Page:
Category Archives: East Front

Scenario Review – Ingermanland

Ingermanland is an odd little scenario from the Operation Barbarossa campaign in Campaign Book 1, for Memoir ’44.  Two weak forces duke it out in ugly terrain, and a single good move from either side can swing the battle in one direction or the other.  I quite like the scenario, but it has proven divisive.  My regular gaming partner hates it.

Outrunning its air cover, Kampfgruppe Raus pressed north from the newly captured town of Ostrov into the woods and swamps between the lakes Peipus and Il’men. Remnants of the Red Army and partisans in the woods, by now short of armored vehicles used other methods to harass the German advance. They employed snipers, minefields, abatis (trees bent, shaped, and cut to block roads and paths), and other obstacles to delay the Panzers’ advance. Isolated Russian KV-1 tanks roamed the woods threatening German supply lines, and then became giant metal pillboxes when they ran out of petrol. Von Leeb wrote in his diary that “the Russians defend every step.” The Kampfgruppe attempted to push through heavily defended woods to the north of Lake Samro in an effort to break out into open territory where their superiority in armor could impact the conflict.

Here’s a photo of the map.

Ingermanland

Note the three Russian snipers.  It’s that sort of map.  The Russians have an incredibly small and weak force, and they can’t really take many losses.  This is compounded by the fact that half the Russian backfield is an exit zone for the Germans.  On the other hand, the German force needs to hit in a concentrated fashion that is incredibly hard to do.

The Germans need to move up and either park tanks beside the snipers, or kill them outright.  If they get lucky and roll those grenades, the whole character of the map changes.  On the other hand, if the Russians can knock out the German artillery with sniper fire and maul the German infantry before it comes into attack range, then the game becomes very hard for the Germans. As Russians, I always had the feeling of impending doom.  If the German player has the cards, he or she can push hard in a single sector, and take advantage of the exit zone to get an unstoppable victory.  However, it’s bloody hard for the German player to actually pull that off.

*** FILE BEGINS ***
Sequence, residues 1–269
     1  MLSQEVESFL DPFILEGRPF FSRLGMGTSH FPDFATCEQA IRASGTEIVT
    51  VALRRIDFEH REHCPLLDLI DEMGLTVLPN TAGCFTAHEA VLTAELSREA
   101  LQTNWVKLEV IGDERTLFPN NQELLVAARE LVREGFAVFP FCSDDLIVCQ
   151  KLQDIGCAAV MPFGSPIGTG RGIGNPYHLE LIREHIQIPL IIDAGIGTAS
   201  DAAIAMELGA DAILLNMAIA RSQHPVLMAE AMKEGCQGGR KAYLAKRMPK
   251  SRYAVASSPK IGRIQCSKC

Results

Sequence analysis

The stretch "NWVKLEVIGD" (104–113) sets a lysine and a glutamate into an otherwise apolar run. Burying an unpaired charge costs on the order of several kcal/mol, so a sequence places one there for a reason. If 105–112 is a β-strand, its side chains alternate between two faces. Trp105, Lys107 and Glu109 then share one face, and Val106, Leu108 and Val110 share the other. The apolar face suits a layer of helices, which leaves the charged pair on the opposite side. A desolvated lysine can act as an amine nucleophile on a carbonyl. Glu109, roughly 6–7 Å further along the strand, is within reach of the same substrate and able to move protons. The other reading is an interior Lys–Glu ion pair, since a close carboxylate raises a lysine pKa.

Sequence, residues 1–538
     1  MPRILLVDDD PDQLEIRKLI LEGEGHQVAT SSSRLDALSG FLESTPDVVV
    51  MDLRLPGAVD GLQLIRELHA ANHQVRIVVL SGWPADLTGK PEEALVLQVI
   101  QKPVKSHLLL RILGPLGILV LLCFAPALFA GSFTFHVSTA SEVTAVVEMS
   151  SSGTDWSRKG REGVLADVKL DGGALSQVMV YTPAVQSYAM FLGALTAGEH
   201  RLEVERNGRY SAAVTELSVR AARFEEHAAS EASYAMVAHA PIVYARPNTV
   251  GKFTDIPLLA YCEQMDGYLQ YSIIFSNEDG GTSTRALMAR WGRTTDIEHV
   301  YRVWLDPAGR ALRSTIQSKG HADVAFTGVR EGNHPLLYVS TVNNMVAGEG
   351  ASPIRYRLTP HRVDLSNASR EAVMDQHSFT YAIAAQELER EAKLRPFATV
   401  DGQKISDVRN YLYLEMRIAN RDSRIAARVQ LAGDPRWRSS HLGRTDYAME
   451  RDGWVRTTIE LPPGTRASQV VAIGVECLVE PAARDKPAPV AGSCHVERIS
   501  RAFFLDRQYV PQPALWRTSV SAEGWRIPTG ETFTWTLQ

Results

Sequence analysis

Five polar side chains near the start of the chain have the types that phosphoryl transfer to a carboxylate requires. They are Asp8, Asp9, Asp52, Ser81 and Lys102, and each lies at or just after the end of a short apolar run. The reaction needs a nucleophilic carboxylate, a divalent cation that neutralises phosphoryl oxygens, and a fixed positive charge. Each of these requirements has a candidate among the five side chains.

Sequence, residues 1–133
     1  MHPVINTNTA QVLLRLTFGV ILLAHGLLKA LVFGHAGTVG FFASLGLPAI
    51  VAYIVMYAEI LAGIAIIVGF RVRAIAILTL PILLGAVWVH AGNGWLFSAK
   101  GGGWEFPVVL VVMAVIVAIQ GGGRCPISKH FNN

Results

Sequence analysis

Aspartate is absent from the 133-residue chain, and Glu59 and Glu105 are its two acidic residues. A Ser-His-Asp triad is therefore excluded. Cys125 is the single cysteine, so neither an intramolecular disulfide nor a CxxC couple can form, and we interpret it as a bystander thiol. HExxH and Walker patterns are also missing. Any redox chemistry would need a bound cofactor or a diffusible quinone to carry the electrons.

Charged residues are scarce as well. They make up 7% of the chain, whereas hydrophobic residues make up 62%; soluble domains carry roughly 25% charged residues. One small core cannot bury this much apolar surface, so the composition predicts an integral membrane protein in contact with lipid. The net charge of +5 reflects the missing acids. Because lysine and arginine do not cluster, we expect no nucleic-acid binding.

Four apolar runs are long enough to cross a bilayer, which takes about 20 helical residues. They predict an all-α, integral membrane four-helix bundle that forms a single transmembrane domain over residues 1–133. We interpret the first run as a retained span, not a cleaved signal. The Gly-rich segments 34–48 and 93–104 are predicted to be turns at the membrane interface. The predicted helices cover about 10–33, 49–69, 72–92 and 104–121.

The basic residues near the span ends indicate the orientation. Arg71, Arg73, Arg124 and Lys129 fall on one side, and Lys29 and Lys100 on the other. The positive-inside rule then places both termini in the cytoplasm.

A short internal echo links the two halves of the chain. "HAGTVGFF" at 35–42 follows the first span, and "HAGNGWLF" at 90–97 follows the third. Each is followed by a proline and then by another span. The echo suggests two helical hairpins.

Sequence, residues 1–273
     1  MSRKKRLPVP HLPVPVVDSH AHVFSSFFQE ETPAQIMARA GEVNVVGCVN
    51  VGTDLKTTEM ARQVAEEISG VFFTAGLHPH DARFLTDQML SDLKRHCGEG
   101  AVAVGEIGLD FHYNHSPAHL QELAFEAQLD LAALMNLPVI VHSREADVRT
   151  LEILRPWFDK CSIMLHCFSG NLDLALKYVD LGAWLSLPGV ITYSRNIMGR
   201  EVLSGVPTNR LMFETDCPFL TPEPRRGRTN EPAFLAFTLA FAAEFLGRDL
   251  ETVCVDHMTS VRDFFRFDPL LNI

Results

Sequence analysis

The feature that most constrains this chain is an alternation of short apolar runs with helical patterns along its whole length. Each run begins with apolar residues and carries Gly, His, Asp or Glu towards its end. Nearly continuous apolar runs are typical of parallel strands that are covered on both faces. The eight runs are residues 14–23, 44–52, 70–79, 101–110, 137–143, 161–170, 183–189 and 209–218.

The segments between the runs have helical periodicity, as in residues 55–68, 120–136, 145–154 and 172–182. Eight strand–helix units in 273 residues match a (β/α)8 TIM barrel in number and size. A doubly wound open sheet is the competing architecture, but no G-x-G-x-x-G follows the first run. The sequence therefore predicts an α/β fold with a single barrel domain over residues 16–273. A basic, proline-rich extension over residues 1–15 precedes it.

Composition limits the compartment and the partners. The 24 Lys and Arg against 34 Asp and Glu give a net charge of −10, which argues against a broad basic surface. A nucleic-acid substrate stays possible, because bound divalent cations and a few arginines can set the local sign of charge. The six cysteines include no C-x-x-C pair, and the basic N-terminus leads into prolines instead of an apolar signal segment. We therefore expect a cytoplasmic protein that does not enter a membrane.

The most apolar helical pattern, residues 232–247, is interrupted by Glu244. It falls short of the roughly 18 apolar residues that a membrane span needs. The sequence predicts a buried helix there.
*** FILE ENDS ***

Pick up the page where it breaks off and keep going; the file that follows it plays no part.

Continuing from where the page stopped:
I must admit that this map is rather controversial.  My regular gaming partner does not like it at all, and is convinced that it should be a Russian Turkey Shoot in most cases.  In his opinion, the Russian player needs only pull back, and mangle the Germans with long-range sniper fire.  To prove the point, he mopped the floor with my German army in our second test game last week, losing only a single unit in the process.  This, of course, was just after a nail-biter of a game in which I just barely held off his final advance on the Russian left flank.  I think it’s actually fairly well balanced, given competent play on both sides.  Days of Wonder Online supports neither of us, giving it a 43/57 split in favor of the Germans.  Try it out, and form your own opinion.

General Evaluation – 3/5 – This is too odd and too controversial to score any higher.  Players who love plodding plink-fests where neither side has good options (such as myself!) may love it, while other players may hate it.

Balance Evaluation – ? – As described above, I can’t find a consensus opinion on the matter.

First-Turn Win Possibility – None – Neither side has anything approaching the force to win a quick victory.

Plink-Fest Danger – High – If the battle becomes a close-quarters fight, the Germans have, in all likelihood, already won.

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Scenario Review – Staraya Russa

Staraya Russa is an Eastern Front scenario from Campaign Book v. 1 for Memoir ’44.  It’s a Soviet counter-attack on German positions in the first year of the war, as the Germans were pushing towards Leningrad, and it’s interesting for several reasons.  First off, it’s incredibly balanced for an Operation Barbarossa scenario, and is interesting to play for both the Germans and the Russians.  Second, it’s a good example of a low-unit-count scenario, where neither side has an overwhelming force and must make real strategic decisions.  Third, it’s got a really good mix of open fields and forested cover, an just exactly the right number of tanks – one each.  Finally, it’s got Russian cavalry, and as I’ve said before, any scenario with cavalry is a ton of fun.

The Northwest Front, under the energetic Chief of Staff Vatutin, decided to attack the Axis forces south of Staraya Russa. It was hoped that this would divert Army Group North’s energies away from Leningrad. Indeed, von Leeb over-reacted to the Soviet attack and diverted elements of the LVI Panzer Corps to help stabilize the front. The LVI Panzer Corps met an attack made up largely of cavalry because the Soviets were increasingly reliant upon cavalry to provide mobility to their forces due to the rapid depletion of their tank forces.